A widower whose wife and unborn twins were killed when a drunk driver crashed into their car has questioned in court who was really being punished.
Bronko Hoang is the sole survivor after his heavily pregnant wife Katherine and a 17-year-old learner driver died when Richard Moananu’s car ploughed into theirs in Orchard Hills, western Sydney, in September 2018.
Moananu, now 31, pleaded guilty to two counts of manslaughter and one count of aggravated driving causing grievous bodily harm on Thursday in the Penrith District Court, and asked Judge Mark Buscombe to take a number of other matters into account.
The court earlier heard Moananu had been drinking from 10.30am to 6.45pm on the day of the crash and returned a .204 blood alcohol reading.
He was also driving on an expired licence when he veered onto the wrong side of the road, travelling more than 45km/h over the speed limit.
Mr Hoang, who awoke from a coma in hospital, said the nurses had to “tie him down” as they continually reminded him of what happened.
He recalled watching a video of his wife carried in a coffin and buried.
“Today I question who is being punished, while you sit behind bars the rest of my family and me are in the same boat,” Mr Hoang told Moananu.
“The result of your actions make a horror movie seem like child’s play,” he said.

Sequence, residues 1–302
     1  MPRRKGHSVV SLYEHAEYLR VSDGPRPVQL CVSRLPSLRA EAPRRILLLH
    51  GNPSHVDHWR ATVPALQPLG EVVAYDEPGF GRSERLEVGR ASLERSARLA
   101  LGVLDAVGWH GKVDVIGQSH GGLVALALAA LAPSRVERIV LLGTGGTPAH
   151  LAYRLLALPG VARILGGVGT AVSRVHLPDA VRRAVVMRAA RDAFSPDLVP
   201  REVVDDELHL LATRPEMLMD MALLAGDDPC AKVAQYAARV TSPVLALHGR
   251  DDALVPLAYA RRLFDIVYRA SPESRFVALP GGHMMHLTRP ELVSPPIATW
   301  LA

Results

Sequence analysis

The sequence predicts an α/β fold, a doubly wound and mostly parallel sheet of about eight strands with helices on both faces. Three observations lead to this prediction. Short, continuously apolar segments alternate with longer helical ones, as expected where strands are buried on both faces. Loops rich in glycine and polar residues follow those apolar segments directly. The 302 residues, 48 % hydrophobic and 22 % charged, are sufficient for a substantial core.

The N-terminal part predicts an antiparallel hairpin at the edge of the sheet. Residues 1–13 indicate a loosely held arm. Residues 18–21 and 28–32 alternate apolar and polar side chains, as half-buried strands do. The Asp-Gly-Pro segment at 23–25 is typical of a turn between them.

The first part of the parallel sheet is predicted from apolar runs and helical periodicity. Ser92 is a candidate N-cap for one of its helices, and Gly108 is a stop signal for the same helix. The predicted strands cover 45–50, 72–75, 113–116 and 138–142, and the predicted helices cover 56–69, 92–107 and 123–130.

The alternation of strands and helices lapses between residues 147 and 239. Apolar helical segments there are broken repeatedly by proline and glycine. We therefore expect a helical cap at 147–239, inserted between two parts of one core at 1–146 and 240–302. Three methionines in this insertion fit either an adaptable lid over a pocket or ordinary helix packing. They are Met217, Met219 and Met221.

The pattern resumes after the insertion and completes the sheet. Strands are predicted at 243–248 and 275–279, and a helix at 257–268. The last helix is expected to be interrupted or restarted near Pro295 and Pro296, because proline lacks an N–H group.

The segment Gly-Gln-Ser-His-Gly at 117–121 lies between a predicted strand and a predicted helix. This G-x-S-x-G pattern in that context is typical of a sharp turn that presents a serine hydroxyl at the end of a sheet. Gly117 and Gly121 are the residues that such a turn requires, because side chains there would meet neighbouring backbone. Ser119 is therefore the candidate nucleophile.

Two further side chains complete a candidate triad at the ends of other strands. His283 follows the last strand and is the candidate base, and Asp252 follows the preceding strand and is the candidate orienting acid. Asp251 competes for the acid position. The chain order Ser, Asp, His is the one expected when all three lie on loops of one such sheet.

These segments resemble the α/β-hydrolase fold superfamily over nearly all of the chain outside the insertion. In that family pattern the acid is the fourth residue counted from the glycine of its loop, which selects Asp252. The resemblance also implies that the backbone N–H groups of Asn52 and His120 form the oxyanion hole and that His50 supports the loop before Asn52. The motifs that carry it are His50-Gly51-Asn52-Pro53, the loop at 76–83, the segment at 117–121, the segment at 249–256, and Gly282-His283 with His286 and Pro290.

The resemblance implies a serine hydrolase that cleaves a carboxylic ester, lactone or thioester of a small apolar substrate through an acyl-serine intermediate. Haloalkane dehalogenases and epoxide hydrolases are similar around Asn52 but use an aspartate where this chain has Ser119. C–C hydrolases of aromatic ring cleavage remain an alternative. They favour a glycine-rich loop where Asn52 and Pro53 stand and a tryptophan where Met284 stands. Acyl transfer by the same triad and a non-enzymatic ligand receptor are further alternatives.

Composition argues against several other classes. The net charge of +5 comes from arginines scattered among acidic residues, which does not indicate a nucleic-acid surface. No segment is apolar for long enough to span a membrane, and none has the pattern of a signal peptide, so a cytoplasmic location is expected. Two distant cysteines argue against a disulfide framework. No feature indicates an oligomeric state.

“You decided to be judge, jury and executioner, decided to play god….the end result… you had to take people’s happiness, hope and future away.”
After saying he will never have a memory of holding his newborn twins, he offered Moananu an “olive branch” to help him with his troubles.
“After this is over I want to sit down with you and get to know your story,” he said.
Ms Hoang’s children were due to be born the following week, the court heard.
Moananu gave evidence during his sentence hearing on Thursday saying he wished it was him who died that day.
It kills me inside….I never meant to hurt anyone that day I wish more than anything I could take it back” he said.
He spoke about a broken childhood home in New Zealand with alcoholic parents who had gambling addictions, and a father who brutally bashed his wife and children.
His last memory was walking into a pub in St Mary’s and drinking to “calm his nerves”.
He never saw his drinking or gambling as a problem “until it was too late”.
Katherine Hoang’s mother Perfecta Gordon told the court losing a child felt like a life sentence.
“Before we lost her my husband and I used to wake up in the morning and say to each other what a beautiful day… we can’t even share that anymore,” she said.
“There is no more beautiful days in our life, now our home is quiet and empty and full of sadness, the happiness is gone.”
Moananu’s barrister Tony Evers said his deprived childhood meant he had no “skills” to address his problems, but before that day had been described by numerous accounts as a kind, gentle and caring man who went out of his way to help others.
Moananu is due to be sentenced on November 5.